Which measures were seen as a priority according to participants? The rating of individual measures by urgency and feasibility (go-zone map)

In the Go-Zone map (Fig. 3) the priority measures rated as the most urgent and the most feasible are placed in the green sector in the upper-right corner. Out of 64 proposed measures, 20 were rated as the most urgent and most feasible and should be, according to the participants, implemented with a priority to improve access to health care for Roma living in social exclusion. Overall, participants considered measure 8 (to explore the field of health needs of Roma living in social exclusion: what they need and expect from health care to set up interventions in the helping professions) to be the most urgent and feasible. In contrast, the least urgent and feasible, according to the participants, was measure 34 (to make the study of medicine conditional on the completion of a certain number of years in the Czech Republic or the payment of study costs, so that doctors do not go abroad (or at least in cases where a scholarship has been provided)).

Fig. 3
figure3

Ratings of individual measures by urgency and feasibility: Go-Zone, Czech Republic, 2020. Note: Each dot represents each measure. The X-axis shows the range of mean values for urgency (2.19–3.35); the Y-axis shows the range of mean values for feasibility (1.75–3.47). Dots in the green upper-right quadrant indicate measures that were rated above the mean (most urgent and feasible)

Priority measures belong to each of the six clusters. The highest number of priority measures belong to Cluster 1 (Streamlining the health care system and associated services to legitimize and take into account the needs of target groups), whereas only one of the priority measures belongs to Cluster 4 (Increasing the local and financial accessibility of health care). A list of all (20) priority measures divided by clusters can be found in Table 3.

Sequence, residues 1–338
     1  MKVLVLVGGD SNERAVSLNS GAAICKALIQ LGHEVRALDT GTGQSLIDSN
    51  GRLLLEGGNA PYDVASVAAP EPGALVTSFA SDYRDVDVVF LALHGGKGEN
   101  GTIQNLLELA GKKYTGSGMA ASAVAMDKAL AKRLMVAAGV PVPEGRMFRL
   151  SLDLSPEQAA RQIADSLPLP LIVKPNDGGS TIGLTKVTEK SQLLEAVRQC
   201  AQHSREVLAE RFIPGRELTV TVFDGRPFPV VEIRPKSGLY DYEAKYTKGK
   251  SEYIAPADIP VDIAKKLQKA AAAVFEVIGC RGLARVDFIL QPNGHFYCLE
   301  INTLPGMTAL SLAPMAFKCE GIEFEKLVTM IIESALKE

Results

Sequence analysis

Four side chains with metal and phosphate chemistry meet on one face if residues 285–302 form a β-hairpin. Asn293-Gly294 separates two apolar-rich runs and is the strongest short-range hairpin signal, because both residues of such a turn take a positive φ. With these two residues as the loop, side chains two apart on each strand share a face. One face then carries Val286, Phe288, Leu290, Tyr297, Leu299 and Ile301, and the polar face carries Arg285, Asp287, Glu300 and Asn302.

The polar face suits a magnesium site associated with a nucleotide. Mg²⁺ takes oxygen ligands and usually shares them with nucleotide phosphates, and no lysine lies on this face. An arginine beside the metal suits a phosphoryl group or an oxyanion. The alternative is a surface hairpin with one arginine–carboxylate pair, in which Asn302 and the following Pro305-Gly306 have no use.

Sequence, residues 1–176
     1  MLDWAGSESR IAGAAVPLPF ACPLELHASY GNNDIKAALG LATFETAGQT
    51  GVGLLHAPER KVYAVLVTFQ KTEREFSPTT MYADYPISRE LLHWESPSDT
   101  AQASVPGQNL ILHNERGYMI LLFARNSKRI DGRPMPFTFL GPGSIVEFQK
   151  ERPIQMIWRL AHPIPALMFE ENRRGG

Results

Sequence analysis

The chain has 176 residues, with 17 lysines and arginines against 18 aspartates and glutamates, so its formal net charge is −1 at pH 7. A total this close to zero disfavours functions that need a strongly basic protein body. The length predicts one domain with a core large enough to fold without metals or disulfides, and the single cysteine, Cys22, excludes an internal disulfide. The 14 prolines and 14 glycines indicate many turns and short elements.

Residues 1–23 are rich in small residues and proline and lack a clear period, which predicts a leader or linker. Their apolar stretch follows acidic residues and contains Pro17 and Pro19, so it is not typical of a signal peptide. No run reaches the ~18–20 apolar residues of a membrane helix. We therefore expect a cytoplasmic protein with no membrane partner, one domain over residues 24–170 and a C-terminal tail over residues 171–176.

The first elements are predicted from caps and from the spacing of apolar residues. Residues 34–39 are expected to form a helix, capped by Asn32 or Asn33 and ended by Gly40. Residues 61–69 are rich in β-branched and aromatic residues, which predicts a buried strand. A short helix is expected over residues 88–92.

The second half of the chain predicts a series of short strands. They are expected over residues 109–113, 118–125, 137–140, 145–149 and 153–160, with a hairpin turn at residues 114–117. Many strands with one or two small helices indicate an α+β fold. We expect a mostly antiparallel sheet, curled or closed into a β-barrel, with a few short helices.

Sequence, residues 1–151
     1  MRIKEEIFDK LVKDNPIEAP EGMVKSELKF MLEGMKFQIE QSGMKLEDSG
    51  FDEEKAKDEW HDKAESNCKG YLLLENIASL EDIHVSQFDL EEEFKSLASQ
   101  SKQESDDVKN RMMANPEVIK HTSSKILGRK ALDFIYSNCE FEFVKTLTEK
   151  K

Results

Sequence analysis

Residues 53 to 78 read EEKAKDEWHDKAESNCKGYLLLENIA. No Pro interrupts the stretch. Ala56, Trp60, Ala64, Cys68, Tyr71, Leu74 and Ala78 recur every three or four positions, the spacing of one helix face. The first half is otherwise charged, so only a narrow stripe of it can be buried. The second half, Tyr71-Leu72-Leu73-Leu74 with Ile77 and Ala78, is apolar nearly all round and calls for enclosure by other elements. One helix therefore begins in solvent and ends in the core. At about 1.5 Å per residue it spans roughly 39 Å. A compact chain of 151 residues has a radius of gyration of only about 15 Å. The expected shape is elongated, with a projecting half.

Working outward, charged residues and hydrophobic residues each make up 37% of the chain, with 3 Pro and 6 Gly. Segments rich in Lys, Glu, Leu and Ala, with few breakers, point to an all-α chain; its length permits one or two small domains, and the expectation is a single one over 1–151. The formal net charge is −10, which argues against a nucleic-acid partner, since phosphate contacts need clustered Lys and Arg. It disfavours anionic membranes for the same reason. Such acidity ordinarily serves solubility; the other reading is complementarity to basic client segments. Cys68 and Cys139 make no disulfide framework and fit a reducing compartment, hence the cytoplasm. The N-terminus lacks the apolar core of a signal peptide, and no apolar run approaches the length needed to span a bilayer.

Table 3 All individual measures that were rated as the most urgent and feasible divided by clusters: Go-zone, Czech Republic, 2020

Discussion

The aim of this study was to explore how to improve access to health care for Roma living in social exclusion in the Czech Republic using the concept mapping approach involving stakeholders from various fields of policy and practice. Participants proposed 64 measures sorted in 6 distinct clusters, with Cluster 6, representing the education and supervision of helping professions, being the most urgent and most feasible, while Cluster 4, on increasing the local and financial accessibility of health care, the opposite. The biggest difference was found in Cluster 3 (education of the target group), which was seen by participants as the most feasible but least urgent, and Cluster 5 (strengthening the capacities of health care), seen as very urgent but less feasible. Overall, 20 individual measures were rated as the most urgent and feasible and should be implemented with the priority to improve access to health care for Roma living in social exclusion. The proposed measures covered a variety of topics, such as education and awareness of the target group, education and supervision of helping professions, strengthening capacities and streamlining the health care system, health promotion and associated services, and increasing the local and financial accessibility of health care. Both upstream as well as downstream interventions and policy measures were introduced by the participants. Several measures contain a participatory approach and count on the participation of the target group. Overall, the proposed measures are in line with the European Pillar of Social Rights [53], the recommendations of an EU expert panel [32] and the WHO [54, 55] concerning the improvement of access to healthcare for vulnerable groups (including Roma), making them acceptable and appropriate for implementation at the local and most of them at the national level.

We found that Cluster 6, related to education and supervision of helping professions, was rated as the most urgent and feasible. This cluster contains measures targeting quality and accessibility of lifelong education and supervision for various professions, such as health care professionals, midwives, social workers, health mediators and others. The relevance of the individual proposed measures included in Cluster 6 is supported by recommendations from several other policy papers and strategies [56,57,58,59]. One of the suggested measures (No. 60) aims to motivate Roma children to study health disciplines, which corresponds with the newest evidence-based policy recommendations on how to combat structural anti-Gypsyism [56, 60]. The suggested measures might be put into the practice by educational or non-governmental institutions. It would be appropriate to include these goals into strategic or action plans under the responsibility of the relevant ministries (Ministry of Health, Education and Social Affairs) or to applicable laws and related regulations.